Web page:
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Why you should train like a strongman

by | Nov 19, 2020 | The Agoge | 2 comments

The 2020 World’s Strongest Man contest concluded last weekend, and we now have a new title-holder. A young man named Oleksii Novikov won the title – well, he and his epic beard won – against some extremely tough competition. Four-time WSM champion Brian Shaw competed in the events, along with serious contenders like J. F. Caron and the Stoltman brothers. This year’s WSM competition got a lot of attention online, and rightly so. Obviously, there wasn’t much else to enjoy in the world of sports, what with the Coof. This also means that interest in strongman has increased considerably, as it should. I am very happy to see the sport of strongman gaining international recognition and traction, because the sport has many lessons to teach all of us. So let me explain to you why you should train like a strongman.

The Different Kinds of Strength

If you are at all interested in getting stronger and fitter, then you have many options available to you. Men who concentrate on aesthetics typical focus on bodybuilding. Those who want to build out their overall strength, and don’t care too much about looking like models, typically try powerlifting. In my opinion, if you want to increase your overall fitness quickly and efficiently, then real combat-ready martial arts are the way to go. I have covered, and will cover again, martial arts in different posts, so we’ll leave off that one for now.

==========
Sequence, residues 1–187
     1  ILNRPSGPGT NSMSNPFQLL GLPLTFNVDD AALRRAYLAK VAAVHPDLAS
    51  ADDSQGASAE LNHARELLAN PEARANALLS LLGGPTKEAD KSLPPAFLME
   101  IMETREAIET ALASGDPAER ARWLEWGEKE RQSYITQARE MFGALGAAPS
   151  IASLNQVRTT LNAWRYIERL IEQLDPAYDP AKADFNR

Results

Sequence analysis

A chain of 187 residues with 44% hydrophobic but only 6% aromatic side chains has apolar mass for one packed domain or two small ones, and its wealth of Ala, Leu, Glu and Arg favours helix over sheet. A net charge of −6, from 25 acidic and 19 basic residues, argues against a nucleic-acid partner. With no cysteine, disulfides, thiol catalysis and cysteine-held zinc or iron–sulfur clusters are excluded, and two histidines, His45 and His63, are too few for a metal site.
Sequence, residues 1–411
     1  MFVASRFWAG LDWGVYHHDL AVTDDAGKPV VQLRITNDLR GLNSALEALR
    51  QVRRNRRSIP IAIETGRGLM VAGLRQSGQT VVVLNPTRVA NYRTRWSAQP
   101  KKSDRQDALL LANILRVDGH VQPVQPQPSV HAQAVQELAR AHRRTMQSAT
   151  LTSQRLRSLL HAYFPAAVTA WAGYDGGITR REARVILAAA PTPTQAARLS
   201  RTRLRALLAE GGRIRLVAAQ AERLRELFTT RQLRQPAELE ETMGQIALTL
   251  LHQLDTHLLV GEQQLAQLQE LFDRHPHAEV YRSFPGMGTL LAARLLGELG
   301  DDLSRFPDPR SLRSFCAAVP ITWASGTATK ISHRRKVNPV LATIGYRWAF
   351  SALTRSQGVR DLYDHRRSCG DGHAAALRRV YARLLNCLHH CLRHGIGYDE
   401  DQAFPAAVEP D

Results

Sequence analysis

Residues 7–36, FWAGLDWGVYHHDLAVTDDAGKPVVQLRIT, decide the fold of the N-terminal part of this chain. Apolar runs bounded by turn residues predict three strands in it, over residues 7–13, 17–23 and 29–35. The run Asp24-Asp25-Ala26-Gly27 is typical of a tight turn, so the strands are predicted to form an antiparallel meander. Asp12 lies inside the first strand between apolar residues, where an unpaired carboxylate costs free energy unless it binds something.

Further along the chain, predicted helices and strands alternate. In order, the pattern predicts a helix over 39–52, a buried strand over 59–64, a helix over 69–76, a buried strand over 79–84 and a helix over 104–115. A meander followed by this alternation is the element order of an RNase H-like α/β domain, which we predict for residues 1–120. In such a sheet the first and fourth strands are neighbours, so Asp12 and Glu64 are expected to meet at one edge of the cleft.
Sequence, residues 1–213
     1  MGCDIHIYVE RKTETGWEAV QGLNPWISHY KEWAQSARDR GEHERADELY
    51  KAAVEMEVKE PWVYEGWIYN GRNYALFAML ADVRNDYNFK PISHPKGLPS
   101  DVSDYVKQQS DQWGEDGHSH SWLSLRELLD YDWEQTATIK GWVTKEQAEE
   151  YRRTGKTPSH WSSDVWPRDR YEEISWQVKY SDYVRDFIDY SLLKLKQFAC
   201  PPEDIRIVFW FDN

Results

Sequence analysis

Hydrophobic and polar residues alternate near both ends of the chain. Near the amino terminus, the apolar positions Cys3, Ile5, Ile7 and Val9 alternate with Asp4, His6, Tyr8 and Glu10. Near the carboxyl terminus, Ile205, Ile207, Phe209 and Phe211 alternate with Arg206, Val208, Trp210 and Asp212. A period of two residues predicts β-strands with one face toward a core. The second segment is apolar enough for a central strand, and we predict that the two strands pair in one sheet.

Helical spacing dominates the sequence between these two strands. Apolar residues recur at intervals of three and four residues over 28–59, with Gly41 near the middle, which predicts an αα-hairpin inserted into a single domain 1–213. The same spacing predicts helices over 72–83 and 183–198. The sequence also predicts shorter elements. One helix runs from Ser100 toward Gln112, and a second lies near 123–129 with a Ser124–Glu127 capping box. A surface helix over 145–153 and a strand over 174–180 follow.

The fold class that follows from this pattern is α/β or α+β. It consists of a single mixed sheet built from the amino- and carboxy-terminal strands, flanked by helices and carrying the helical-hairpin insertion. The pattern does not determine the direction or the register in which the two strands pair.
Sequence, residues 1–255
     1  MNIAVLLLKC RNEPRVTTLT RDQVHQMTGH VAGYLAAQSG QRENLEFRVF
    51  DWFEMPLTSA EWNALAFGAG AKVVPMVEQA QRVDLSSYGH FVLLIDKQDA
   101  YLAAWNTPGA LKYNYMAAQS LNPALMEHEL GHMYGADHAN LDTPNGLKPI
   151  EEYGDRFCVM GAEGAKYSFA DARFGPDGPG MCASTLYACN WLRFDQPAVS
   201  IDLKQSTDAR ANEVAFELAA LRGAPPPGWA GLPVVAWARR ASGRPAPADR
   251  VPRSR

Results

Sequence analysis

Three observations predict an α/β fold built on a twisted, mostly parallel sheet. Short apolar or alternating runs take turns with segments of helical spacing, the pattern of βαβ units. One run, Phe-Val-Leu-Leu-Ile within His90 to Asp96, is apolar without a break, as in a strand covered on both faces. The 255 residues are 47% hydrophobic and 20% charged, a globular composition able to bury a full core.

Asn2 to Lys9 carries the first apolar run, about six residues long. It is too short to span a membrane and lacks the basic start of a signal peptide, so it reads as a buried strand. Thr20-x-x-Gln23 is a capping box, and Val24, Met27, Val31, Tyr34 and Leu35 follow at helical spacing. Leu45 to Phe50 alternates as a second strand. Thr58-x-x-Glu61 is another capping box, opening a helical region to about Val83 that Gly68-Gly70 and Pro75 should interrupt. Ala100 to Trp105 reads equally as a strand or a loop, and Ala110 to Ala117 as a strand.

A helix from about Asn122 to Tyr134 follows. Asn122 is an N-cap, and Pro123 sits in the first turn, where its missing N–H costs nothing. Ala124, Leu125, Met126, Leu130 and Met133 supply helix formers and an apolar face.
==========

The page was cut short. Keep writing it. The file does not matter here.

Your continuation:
Bodybuilding – Form Over Function

Now, bodybuilding, powerlifting, and strongman all concentrate on different types of strength. Bodybuilders typically fixate on doing LOTS of reps with relatively light weights – especially relative to their mass. A number of top-level bodybuilders, like Jay Cutler and Phil Heath, eschew heavy compound movements almost entirely and focus primarily on light-weight, high-rep isolation exercises. This, along with their, *ahem* supplement regimes, makes for absolute mass monsters to achieve a particular aesthetic:

A lot of bodybuilders are genuinely extremely strong. Ronnie Coleman in his prime was a great example of a bodybuilder who could easily have been a championship powerlifter. But a number of modern bodybuilders don’t bother at all with heavy compound lifts. Phil Heath has repeatedly stated that he does not do deadlifts, for example – he doesn’t need them.